What does everyone have against recruiters?

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If you type the phrase “are recruiters” into Google, the first three suggested searches you get are “are recruiters worth it”, “are recruiters helpful”, and “are recruiters a waste of time”. Hell, if your LinkedIn profile has the right box ticked, you might already have several messages in your inbox from various headhunters looking to match you with a dream opportunity.

Recruiters get a bad rap from most people, but statistics suggest that they are more needed than ever. According to Talent Now, 73% of candidates aren’t actively looking for work, meaning that recruiters need to be particularly persuasive to win any potential job seekers over. Of course, it doesn’t help that candidates are getting wise to the kind of measures recruiters take to keep managers off their backs or make that all-important commission. These range from trying to fill roles regardless of a candidate’s experience to simply pestering someone too relentlessly.

But, as unlikely as it might seem, recruiters can actually be pretty useful. Here are three reasons why it’s worth taking some time to actually read the next email that comes through from someone offering you your “perfect job”.

Recruiters offer industry insight

Whilst there are all too many recruitment agencies who try to indiscriminately fill positions with the nearest available candidate, anyone looking for work in a niche industry sector may be better served by a recruiter than any other means of finding a role. Specialist recruitment agencies, particularly in the tech sector, have up to date knowledge of best practice, offering insider knowledge when it comes to the major companies.

For example, SAP recruitment agencies such as Eursap not only advertise vacancies across Europe, but have an understanding of sub-sectors within the niche of SAP itself, making sure that specialist candidates are assigned to their ideal position. Similarly, as Reed points out, the rise of machine learning and AI in the workforce will need specialist teams providing “human intelligence with the right mindset” to ensure they run correctly. That is to say, candidates who are happy to see specialist tech as something to work with, and not against, will be more likely to find success.

Recruiters can offer useful advice on finding work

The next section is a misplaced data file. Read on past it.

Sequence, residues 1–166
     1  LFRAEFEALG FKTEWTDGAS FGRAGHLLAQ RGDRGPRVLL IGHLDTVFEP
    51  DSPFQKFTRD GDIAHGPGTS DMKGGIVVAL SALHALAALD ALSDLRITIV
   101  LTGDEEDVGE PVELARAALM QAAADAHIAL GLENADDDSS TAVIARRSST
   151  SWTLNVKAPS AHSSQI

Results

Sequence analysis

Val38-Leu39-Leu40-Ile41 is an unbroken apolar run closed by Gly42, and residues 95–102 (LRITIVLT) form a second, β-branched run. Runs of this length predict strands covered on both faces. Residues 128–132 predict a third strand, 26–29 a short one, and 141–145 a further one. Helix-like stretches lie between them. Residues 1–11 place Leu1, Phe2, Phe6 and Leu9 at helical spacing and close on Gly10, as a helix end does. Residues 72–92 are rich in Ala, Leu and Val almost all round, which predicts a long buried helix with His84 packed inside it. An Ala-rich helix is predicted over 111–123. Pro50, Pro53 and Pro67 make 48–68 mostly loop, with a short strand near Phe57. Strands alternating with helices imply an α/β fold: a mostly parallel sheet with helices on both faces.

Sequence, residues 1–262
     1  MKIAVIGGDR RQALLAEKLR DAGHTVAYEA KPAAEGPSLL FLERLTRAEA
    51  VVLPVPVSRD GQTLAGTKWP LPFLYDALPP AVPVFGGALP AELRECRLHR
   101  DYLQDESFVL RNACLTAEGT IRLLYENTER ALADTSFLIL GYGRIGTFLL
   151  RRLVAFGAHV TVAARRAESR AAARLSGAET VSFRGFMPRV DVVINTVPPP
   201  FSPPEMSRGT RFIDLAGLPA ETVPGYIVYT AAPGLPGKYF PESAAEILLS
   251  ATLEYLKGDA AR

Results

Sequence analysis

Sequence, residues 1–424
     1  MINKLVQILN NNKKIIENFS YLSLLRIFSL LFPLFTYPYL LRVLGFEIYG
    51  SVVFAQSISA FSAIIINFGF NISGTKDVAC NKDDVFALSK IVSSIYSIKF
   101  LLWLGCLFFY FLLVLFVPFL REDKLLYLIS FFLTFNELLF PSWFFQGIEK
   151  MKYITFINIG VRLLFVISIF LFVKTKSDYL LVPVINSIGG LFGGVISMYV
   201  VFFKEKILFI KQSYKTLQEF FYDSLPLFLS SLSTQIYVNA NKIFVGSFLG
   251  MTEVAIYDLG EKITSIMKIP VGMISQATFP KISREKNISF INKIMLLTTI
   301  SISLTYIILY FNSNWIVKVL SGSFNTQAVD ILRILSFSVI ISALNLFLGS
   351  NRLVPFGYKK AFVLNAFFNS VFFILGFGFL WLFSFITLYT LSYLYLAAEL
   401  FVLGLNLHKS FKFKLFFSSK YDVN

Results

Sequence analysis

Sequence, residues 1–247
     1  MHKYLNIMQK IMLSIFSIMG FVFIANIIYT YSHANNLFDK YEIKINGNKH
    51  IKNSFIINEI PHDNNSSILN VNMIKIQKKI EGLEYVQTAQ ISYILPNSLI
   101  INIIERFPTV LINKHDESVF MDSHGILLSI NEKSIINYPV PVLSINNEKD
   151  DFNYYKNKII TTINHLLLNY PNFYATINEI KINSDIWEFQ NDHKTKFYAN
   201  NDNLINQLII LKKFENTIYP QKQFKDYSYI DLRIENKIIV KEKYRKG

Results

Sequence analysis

Even if you don’t choose to accept a job through a specific recruiter, it is still useful to ask for feedback on how to best approach any roles you do decide to apply for. If you choose to find work through a recruiter, your CV will be kept on their records until you find a new job, which means that they can provide help in the event that you finally do want to shake up your career.

Likewise, recruiters will also have many companies on file, regularly filling vacancies in those businesses or sectors. In this scenario, as one recruiter noted to Monster: “Your recruiter has had someone interview at this company before, and may be able to steer you in the right direction.” Even in a more general sense, you will be able to gain crucial guidance from them on best practice in interviews or how to answer certain questions. So while you may be happy in your current role, that could suggest that it’s been some time since you’ve last been interviewed, and having someone help brush up your skills could come in handy when the time comes.

Recruiters can help you navigate the early stages of a new job

Think of a recruiter like the pair of training wheels on your childhood bike. You’ll have no need for them eventually, but there will still be a transition period where you’ll be glad they’re there. Once you’ve accepted a job, that doesn’t mean that your recruiter’s work is done. Indeed, they will often remain in contact to help ease you into your new workplace. There are some all too common issues everyone faces when starting a new job, and keeping in touch with your recruiter, even after you’ve landed a new position, can go some way to putting your mind at ease.

Of course, many recruiters will want to get in touch for their own purposes, in order to get feedback on their own performance. However, by staying in contact with your recruiter for the early stages of your new job, you can let them know whether or not you feel well-suited to the role and have them act as something of a middleman between you and your new employer.

Claire James
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